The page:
Solitude and Community Are Not Mutually ExclusiveFamily — By Jared Murray on March 5, 2013 at 3:00 am
It was probably one of the craziest, most reckless decisions I’ve ever made.
To give a little background, my family—mom, stepfather, sister, and her “common law husband” (whatever, hippies)—moved from Indiana to the Valley about six years ago. At the time, I was still finishing up school and was working for a church as a youth pastor. Needless to say, I was kind of entrenched.
My family and I aren’t particularly close, and there are a lot of reasons for that, naturally. Over the past few years, though, we’ve been making steady progress, and I’ve come to appreciate them in a manner my former youth did not afford me. Which is odd when you consider it: I finally came to appreciate my family when they weren’t giving me money. Kind of got that one backwards there.
I have always been the independent one, never afraid to go his own way and speak his mind, often to disastrous results. I don’t say this with a lick of pride, mind you, because if I could trade my moments of rebellion and “freedom” for a better relationship with my family, please believe I would do so in a heartbeat.
One point of contention between my family and myself was my faith.
I was, and to this day still am, the only Christian in my entire family. I tell everyone I became a Christian when I was twelve, making the decision shortly after I lost my father to cancer. The truth is, I’ve always sort of believed in God, and can recall reciting prayers to Him in my head as some of my oldest memories. After my father’s passing, things got serious for me. I started reading my Bible front to back. I got involved with a local youth group and church. My mom would drop me off and pick me up on Sundays and Wednesdays, never really setting a foot inside the church with me.
To their extreme credit, they were 100% supportive of my decision to go to church. They just didn’t have any desire to take part in it with me, and I’ve come to a point in my life where I understand their reasoning. But this desire to branch out on my own in a spiritual way at such young age was indicative of a larger desire in my heart for independence, whatever that really meant. I don’t know, I was twelve. I didn’t exactly have a strong grasp on the wonders of autonomy, so I won’t romanticize it.
And now, 16 years later, nearly a decade after cutting myself off from my family at 18, I’ve found myself once again within their proximity.
It was November 9, 2011 when the idea popped into my head suddenly—an hour after a sudden, torrential break-up, but that’s another story—that I no longer wanted/needed to be in Indiana. It was November 11, 2011 when I hopped on a plane with a suitcase, a backpack containing my laptop/tech gear, and a puppy I had adopted just a month before. Everything else I left behind (including friends) or gave/sold away (not including friends). It was time to start over, and I did so with a proverbial fire sale of the possessions I held so dear to my heart. And I don’t miss any of them.
I’m glad I made the move out here to Phoenix. The weather is amazing (except for the summer when my car doesn’t have A/C because the Universe is like the honey badger, just not giving a crap). It’s not far from some of our country’s most beautiful landscape. And it possesses a burgeoning cultural scene, man. *adjusts non-wool beanie made from non-conflict cotton fibers*
However, I’ve felt the pains of being without a strong community for close to a year and a half now. A lot of this falls on me, so continue to read knowing that I’m well aware of that fact. I’ve been to church a handful of times (six, maybe?) since moving. I don’t necessarily have a consistent group of friends I hang out or do activities with. I tend to frequent coffee shops for hours at a time, writing and surfing the internet, allowing the passers-by to stand in for my social interactions of the day, with nary a word shared between us.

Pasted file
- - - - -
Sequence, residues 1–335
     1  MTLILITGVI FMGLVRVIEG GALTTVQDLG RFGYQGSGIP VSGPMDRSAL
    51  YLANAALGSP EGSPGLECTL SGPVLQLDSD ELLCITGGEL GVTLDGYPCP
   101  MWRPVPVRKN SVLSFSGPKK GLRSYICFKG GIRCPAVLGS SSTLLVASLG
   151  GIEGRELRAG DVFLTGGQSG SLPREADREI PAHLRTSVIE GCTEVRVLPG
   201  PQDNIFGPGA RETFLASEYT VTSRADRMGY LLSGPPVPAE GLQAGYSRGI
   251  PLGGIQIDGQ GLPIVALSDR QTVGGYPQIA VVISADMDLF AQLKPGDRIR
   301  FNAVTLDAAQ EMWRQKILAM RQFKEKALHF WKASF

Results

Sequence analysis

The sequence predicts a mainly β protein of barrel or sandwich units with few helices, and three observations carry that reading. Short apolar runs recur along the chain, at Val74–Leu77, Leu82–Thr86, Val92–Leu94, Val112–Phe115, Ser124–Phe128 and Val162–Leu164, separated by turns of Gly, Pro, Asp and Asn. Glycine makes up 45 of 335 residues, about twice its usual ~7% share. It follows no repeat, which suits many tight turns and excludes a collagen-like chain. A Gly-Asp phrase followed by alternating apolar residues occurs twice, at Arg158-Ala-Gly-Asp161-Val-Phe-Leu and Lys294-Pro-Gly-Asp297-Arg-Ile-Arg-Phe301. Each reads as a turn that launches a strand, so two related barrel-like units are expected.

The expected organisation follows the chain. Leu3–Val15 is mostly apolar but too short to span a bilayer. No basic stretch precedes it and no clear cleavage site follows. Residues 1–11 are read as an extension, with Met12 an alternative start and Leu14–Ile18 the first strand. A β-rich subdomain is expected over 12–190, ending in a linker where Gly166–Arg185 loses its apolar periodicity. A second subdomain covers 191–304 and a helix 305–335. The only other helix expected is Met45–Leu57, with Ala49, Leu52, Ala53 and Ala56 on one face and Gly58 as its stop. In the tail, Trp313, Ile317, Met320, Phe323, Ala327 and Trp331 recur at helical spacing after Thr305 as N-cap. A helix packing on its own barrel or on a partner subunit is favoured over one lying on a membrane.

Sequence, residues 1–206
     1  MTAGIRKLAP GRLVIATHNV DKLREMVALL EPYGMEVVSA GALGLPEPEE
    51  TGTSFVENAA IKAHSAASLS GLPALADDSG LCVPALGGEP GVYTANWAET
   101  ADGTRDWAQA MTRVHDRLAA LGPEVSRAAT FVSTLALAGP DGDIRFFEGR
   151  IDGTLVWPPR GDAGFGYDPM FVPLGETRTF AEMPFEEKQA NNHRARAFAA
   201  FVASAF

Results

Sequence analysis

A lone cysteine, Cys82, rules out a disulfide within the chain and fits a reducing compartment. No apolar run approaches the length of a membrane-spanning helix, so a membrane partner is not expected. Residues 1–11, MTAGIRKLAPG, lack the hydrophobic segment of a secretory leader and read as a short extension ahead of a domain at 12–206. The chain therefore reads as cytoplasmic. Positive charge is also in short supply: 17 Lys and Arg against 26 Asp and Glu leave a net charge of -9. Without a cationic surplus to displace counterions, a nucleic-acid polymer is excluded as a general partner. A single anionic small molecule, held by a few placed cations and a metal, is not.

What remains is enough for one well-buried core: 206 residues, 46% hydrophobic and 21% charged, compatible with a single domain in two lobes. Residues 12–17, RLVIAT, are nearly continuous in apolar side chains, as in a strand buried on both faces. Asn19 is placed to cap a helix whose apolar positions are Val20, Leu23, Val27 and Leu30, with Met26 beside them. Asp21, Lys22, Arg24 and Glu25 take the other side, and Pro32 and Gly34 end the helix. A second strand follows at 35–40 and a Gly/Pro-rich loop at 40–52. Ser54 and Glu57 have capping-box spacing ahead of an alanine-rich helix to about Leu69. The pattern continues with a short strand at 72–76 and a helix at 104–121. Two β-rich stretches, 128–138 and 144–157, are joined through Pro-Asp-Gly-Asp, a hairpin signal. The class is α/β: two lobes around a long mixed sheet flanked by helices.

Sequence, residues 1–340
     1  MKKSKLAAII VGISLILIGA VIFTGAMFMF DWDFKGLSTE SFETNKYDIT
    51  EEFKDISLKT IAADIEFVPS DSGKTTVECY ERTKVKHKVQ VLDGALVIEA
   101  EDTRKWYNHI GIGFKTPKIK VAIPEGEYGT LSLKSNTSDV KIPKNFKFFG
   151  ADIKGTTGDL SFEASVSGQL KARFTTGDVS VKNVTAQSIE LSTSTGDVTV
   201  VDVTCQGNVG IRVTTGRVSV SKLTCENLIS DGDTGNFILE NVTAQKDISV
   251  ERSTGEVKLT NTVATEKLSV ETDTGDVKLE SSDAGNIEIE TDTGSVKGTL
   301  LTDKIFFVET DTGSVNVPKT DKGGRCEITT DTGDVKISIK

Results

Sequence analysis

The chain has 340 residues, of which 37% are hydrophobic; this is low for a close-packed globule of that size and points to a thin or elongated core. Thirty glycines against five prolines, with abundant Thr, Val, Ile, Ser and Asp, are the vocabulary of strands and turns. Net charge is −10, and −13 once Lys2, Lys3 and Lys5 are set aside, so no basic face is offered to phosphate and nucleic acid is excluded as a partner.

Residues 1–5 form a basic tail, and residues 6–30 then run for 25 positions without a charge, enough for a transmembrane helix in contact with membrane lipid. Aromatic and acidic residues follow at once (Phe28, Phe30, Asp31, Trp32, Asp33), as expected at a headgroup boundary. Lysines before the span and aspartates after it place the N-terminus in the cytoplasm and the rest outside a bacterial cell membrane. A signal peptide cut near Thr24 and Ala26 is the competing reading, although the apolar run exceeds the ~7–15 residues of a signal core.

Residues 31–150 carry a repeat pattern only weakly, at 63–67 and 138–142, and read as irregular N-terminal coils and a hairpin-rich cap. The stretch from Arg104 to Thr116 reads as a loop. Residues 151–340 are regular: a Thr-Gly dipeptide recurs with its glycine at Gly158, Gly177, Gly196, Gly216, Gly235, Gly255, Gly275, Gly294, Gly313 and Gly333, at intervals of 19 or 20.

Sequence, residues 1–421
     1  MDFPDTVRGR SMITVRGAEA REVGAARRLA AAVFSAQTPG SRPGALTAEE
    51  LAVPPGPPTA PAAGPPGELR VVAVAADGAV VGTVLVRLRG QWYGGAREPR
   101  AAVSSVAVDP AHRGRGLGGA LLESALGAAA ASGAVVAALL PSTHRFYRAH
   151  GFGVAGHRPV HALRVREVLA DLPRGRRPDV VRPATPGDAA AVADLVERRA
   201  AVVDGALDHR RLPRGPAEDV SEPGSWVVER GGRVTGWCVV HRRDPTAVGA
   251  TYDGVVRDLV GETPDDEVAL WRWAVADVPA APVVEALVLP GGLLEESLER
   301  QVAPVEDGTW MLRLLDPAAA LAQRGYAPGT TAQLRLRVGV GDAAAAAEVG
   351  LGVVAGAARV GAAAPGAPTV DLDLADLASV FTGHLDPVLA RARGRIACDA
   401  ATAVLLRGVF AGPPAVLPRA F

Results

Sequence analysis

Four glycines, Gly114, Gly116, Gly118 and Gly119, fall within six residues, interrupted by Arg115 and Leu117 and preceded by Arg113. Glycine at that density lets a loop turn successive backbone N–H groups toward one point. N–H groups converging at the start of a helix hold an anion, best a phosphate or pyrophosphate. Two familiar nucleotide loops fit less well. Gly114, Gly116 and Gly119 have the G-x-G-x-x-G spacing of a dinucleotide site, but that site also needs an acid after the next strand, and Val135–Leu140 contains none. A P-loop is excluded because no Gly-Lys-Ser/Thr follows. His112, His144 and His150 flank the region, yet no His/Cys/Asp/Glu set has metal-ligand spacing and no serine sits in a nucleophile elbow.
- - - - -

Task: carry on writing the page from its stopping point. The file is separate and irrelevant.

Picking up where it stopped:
I’ve made friends. And I still see my family from time to time. But the majority of my weeks are filled with doing the work I’m doing, searching for more of it to do, or just searching for something to do. I’ve been considering moving back to Indiana for a couple of months now, if only because I want to see my closest friends on a consistent basis, and to drown out the deafening silence of my empty house.
These recent thoughts have brought to mind one of my favorite quotes from Bonhoeffer’s Life Together:
“Let him who cannot be alone beware of community. Let him who is not in community beware of being alone. Each by itself has profound perils and pitfalls. One who wants fellowship without solitude plunges into the void of words and feelings, and the one who seeks solitude without fellowship perishes in the abyss of vanity, self-infatuation and despair.”
This quote, especially today, rips the breath straight from my selfish chest. It’s almost like God uses it to sucker-punch me in the gut in order to get my attention.
And it’s working.
I’ll always be someone who needs his space. Someone who has to have moments of solitude in order to regroup and recalibrate. I guess everyone needs that, but to varying degrees, and mine is apparently an extreme one. But my self-imposed exile will get me nowhere, and will wreak havoc on my understanding of the world, people, and most of all, grace.
It took an awful lot of pride denial for me to make the move closer to my family. Ever since I was a little kid, all I could ever dream about was getting out and on my own, away from my “overlords.” And now at 28, I’ve crossed a thousand miles in order to only be separated from them by fifteen.
It takes submission in order to be a member of a community. It takes a denial of your own selfish motives and wants, and that is a cost worth paying.
I’ve finally submitted to the love for and of my family, so now it’s perhaps time I consider extending that submission to my family in Christ.